I was hoping for more comments on the last post, but if y’all aren’t going to discuss, that’s okay; I can lecture.

When I was a student, my cohort and I were good at reading subtexts. Many of my students are not. And yet, if I’m very direct about certain kinds of instruction, this can be read as bossy, bitchy, rude. I suppose a lot has to do with tone of voice and body language. And I think being direct is usually better than indirect direction. But sometimes I would prefer to put a page of translations and explanations in the syllabus, something like this:

If I say, “Of course you know,” or “Let me remind you,” I mean I expect you don’t know, but you should, and I am going to fill in some information so we can all pretend you knew this all along. Listen carefully, so you can keep up your end of the pretense.

If I say, “You might want to look at [Source],” this means “Go to the library and look up [Source].” Similarly, “You really should look at [Source]” indicates that I’m surprised you haven’t done this already and you had better find [Source] ASAP.

Just because I have a sense of humor doesn’t mean I’m an easy grader. Just because we find the same things funny doesn’t mean I will cut you any slack on your research.

I don’t always know things you ask me in class. I will go and look them up, and answer your question next time. I will not put imprecise information on handouts or other formal documents (like things I’m trying to publish). Similarly, you should look up information you don’t know, and and avoid imprecision and generalizations in formal documents (like your written work for class).

Comments on “translations” you would use or need? Class?

11 thoughts on “Teaching grads, 3: Explanations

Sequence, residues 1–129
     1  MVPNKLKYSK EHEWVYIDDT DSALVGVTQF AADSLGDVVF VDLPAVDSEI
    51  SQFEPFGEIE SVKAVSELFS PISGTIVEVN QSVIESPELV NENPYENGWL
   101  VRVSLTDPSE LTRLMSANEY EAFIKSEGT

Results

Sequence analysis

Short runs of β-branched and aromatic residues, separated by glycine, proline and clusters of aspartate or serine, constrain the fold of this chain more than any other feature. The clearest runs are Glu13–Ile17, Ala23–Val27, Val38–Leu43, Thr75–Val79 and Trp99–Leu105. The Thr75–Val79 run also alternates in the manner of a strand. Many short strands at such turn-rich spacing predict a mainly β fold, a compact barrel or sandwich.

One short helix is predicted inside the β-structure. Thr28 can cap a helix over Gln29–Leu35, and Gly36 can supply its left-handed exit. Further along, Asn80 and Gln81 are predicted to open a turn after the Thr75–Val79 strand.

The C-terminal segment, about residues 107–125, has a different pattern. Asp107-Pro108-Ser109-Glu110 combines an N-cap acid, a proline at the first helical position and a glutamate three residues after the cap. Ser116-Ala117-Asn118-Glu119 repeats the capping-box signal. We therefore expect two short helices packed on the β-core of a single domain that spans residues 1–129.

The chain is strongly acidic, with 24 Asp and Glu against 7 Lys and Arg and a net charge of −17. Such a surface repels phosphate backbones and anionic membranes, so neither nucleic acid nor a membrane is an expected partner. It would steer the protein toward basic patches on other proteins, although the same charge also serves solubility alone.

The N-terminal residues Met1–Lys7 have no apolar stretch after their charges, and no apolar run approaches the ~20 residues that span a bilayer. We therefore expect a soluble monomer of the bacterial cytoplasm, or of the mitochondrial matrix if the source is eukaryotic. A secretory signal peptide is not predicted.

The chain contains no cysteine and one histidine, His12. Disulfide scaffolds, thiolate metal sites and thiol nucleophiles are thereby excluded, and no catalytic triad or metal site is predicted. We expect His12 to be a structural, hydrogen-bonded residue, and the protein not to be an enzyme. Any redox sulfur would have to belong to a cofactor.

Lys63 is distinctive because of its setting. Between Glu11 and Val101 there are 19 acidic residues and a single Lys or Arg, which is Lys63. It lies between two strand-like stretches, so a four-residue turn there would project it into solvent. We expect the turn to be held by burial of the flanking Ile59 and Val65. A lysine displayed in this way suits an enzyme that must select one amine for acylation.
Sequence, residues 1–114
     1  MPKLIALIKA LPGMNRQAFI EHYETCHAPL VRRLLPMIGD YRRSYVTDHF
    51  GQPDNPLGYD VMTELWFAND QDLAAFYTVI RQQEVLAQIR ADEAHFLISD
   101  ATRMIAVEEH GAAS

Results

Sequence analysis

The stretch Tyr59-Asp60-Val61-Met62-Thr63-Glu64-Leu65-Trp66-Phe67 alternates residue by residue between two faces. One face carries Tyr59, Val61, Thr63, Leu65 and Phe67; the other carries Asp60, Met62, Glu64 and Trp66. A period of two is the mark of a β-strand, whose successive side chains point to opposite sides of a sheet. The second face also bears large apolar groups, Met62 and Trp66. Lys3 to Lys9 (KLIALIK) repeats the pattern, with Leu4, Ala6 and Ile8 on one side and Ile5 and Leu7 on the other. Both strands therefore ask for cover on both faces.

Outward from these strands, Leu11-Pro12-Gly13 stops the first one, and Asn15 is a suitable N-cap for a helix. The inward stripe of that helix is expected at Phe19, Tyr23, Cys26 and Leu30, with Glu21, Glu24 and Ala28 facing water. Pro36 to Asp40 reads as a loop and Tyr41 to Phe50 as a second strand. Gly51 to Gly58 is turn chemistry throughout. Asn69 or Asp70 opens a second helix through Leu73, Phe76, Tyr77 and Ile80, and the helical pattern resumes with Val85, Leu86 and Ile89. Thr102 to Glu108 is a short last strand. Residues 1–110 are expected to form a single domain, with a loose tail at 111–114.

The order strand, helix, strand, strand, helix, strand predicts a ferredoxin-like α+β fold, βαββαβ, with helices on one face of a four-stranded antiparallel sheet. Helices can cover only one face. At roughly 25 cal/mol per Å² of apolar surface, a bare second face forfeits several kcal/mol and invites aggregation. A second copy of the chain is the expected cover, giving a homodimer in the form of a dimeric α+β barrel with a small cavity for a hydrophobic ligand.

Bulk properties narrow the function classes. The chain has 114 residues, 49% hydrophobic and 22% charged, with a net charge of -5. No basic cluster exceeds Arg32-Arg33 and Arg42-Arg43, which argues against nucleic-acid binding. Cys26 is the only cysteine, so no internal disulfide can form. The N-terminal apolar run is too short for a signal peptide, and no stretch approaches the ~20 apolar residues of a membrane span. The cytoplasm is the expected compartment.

1. The blogosphere seems a little slow at the moment. But to make up for it a little, I just wrote a comment on the last post.And I'd need many of the same translations you'd need. In fact, I think I'm going to stop saying things like "you might want to…" and "you should…" and just speak in the imperative.

  2. "You should really…" when it means "Please do…" really, really bothers me. I don't communicate well that way. I guess you'd call that reading subtexts. I could not work with professors who dealt that way. I did much better under a director who told me exactly in clear terms what I needed to do.Your comment about bitchiness makes me wonder about the gendered aspects of this. Perhaps he gets away with it because he's male? I don't know. Or maybe it has to do with student expectations? Because I know people who shy away from my director because he's perceived as overly directive–i.e. not letting his students "do their own project." I don't think that last part is true, but it is his reputation.In any case, I would honestly rather be told what to do than be expected to read subtexts. How does one learn to read these subtexts? In undergraduate? By growing up in a certain kind of household? By simply being a superior individual? I don't get it.

  3. I like your translations, and I would understand "You really should look at X" as meaning that I should go forth and read.On the other hand, I am very bad at picking up on subtext and interpersonal nuances, and I always have been. I think that for some of us, not taking the hint means that we just don't get hints very well.

  4. Yeah, I'd take "You might want to look at X" to mean "It's vaguely possible that X might be relevant to your project" rather than "X is absolutely crucial to your project." At least, that's how my grad school professors seemed to use it."You really should look at X," on the other hand, is more or less an order.